In a recent interview with Out, Dame Judi Dench mused about her relationship to Cats and described how she sees her character, Old Deuteronomy as trans because the role has traditionally been portrayed by male actors. Actors really do say the darnedest things, don’t they?
Given the somewhat joking tone Dench was speaking in (you can see video of the interview on Out’s website), it’s not exactly clear how earnest she was being about the way she sees Old Deuteronomy. But let’s assume that Dench meant what she said, because joking about trans identities is a patently bad thing that one would imagine Dench knows she shouldn’t do. If Old Deuteronomy’s gender was at all explicitly addressed in Cats’ text, then the movie could have arguably been one of the most high-profile depictions of a trans-identified person in a big budget Hollywood film out this year.
But Cats doesn’t come anywhere near close to even suggesting that Old Deuteronomy is anything but a cisgender anthropomorphic cat. While it’s nice that Dench might have wanted to give the character a bit more depth, claiming that Old Deuteronomy is trans during a press junket is not the same thing as the character being canonically trans. Looking at films like Avengers: Endgame and The Rise of Skywalker, you can see that more filmmakers are finally beginning to pick up on the idea that queer representation is an important thing (even if the films absolutely fumble the ball when it comes to actually portraying the characters in meaningful, thoughtful ways).
But comments like Dench’s are the perfect example of what Hollywood needs less of: hand-wavey, out-of-touch nonsense that makes it seem as if people have no idea what proper representation actually looks like. Retroactively trying to insert a bit of queer subtext into a story does little more than highlight the ways in which said story could have been better. As offensive as milquetoast depictions of queer people are, treating a character’s supposed queerness as an afterthought is infinitely worse, because the implication is that element of the character’s identity isn’t all that important an aspect of who they are.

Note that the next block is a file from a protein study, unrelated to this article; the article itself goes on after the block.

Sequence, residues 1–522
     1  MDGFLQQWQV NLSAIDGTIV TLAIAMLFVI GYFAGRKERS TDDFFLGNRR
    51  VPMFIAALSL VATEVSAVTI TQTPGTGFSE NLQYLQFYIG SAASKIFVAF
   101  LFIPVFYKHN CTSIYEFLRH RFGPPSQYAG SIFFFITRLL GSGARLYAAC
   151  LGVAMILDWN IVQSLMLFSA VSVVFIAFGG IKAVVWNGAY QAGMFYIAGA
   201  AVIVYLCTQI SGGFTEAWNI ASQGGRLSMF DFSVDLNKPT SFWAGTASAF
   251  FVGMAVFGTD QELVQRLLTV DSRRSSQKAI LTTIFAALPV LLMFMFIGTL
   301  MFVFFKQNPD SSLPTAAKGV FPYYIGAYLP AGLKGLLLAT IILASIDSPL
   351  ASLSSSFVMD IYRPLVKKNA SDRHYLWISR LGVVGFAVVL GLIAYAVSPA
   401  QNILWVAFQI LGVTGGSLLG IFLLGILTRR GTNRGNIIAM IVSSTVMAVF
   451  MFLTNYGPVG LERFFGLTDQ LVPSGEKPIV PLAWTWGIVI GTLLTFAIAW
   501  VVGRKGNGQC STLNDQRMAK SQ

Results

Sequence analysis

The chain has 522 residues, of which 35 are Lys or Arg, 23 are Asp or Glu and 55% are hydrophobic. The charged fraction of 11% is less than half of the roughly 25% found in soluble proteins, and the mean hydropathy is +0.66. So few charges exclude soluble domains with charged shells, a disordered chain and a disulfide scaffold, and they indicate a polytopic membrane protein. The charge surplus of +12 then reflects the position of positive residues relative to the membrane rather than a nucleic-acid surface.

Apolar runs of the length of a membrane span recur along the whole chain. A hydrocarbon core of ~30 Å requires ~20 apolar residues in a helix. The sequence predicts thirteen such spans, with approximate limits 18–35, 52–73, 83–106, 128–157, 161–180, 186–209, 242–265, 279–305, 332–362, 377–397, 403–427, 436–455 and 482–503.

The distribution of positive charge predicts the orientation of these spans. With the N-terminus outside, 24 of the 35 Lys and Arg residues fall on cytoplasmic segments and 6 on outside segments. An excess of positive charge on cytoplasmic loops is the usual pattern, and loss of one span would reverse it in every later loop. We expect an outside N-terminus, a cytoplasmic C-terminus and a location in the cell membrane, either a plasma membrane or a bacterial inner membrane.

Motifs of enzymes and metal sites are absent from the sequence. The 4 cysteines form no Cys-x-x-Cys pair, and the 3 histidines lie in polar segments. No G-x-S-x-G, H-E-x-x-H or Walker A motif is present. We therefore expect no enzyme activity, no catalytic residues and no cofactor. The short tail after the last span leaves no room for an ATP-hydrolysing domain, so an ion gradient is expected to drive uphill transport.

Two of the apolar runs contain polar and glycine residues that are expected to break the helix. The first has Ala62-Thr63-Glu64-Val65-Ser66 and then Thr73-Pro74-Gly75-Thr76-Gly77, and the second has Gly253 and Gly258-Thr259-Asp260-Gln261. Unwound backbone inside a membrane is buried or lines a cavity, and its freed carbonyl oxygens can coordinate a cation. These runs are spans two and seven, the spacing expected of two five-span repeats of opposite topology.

None of this is particularly difficult to understand, which makes statements like Dench’s all the more bewildering, especially because she easily could have just, you know, not said any of what she said. It doesn’t seem as if the actress was actually trying to be glib, but regardless of what her intentions were, it’s worth stating that when people advocate for more diversity in mainstream films, this isn’t what we’re asking for in the least. Much in the same way that Dumbledore isn’t queer simply because J.K. Rowling decided to that the Harry Potter franchise would be better with a little queerbaiting, Old Deuteronomy isn’t trans just because Dench played a role that tends to go to male actors.
As has always been the case, words mean things, people, so let’s all try to be a bit more mindful about how we use them.
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